Writing iTunes App Store Descriptions

Diary of an iKamaSutra Copywriter

When Naim Cesur, developer of the iKamasutra app, contacted me about doing some copywriting I was thrilled. It’s not every day that I am able to involve my girlfriend in “copywriting research.” After a good stretch, however, it was clear that Naim had an issue typical of all mobile developers: how do you write App Store descriptions?

Today’s App Store descriptions are not only the marketplace version of an eHarmony profile, they serve as the basis of user reviews and press articles; often they serve as the only user manual a customer will ever read.

Your App Store Descriptions shouldn't read like creepy online dating profiles.

App store descriptions might be the first words a person reads about your app and—if you do it wrong—it could be the last. They are very, very important.

For iKamasutra, the stakes were even higher. Because of the content, iKamasutra is age-restricted to 17+ in the App Store, which puts its app store descriptions under added scrutiny. Then there are the words. By Apple’s definition, extremely potty-mouth and racy words like “sexy” and “sexual,” which you might only hear in a shady underground sex dungeon or PG-rated movie, may be used solely at their discretion.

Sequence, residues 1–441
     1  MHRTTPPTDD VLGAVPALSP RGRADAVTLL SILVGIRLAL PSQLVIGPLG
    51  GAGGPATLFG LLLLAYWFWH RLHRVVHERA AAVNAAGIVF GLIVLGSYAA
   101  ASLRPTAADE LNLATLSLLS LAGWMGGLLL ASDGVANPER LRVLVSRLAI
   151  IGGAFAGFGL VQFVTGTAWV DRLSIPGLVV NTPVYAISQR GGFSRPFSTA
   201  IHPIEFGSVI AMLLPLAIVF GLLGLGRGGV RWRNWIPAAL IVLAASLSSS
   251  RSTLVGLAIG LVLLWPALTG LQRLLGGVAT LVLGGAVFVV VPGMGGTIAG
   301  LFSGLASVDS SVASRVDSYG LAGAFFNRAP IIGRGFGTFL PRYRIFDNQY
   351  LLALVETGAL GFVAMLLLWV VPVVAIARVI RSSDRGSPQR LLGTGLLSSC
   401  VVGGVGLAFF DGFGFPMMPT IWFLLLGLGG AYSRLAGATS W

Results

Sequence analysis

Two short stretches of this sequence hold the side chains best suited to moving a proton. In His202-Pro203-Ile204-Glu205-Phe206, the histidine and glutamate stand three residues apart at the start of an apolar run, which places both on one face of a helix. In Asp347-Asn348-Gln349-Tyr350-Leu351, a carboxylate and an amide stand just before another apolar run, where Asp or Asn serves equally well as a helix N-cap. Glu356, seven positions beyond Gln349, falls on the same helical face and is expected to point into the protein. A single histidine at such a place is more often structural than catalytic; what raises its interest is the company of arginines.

Triggers an automated Apple warning:

A very sexy app!

Won’t trigger an automated warning:

I wanna sex up your mom, pal!

Apple’s views on word choice make for insanely great reading.

App Store Copywriting Deconstructed

Since Apple has had *reasonable* success with their storefront, let’s agree they know a thing or two about selling these apps. Take a look at how they construct their App Store descriptions and you quickly see a common pattern:

Introduction about being the best at what it does.

Short, clever title about what it can do.
• Key feature detail one.
• Key feature detail two.

Second, clever title about what else it does.
• Key feature detail one.
• Key feature detail two.

That’s it. And it is true whether you look at Pages, iMovie or their simplest app, Remote. (If you look at Apple’s website product pages, ultimately it is an identical pattern with better design and photos.) Now have a look at other Top Grossing apps, like Angry Birds for instance, and you’ll see a similar structure. “It just works.”

Many third-party developers have put forth additional app description ideas that are worth considering, too. These include: Twitter and Facebook links, quotes from major press outlets, and awards (Best of 2011, Top Grossing, etc.). While Apple doesn’t do this, these are great inclusions for most app developers.

An App store description for iKamasutra

Let’s apply some of those lessons to iKamasutra.

iKamasutra App Store DescriptionsClick to read full description at iTunes

App Store Descriptions checklist

Here’s what works in this App Store description for iKamasutra. Bring some of these ideas to your own app description and see how many more satisfied buyers you can get.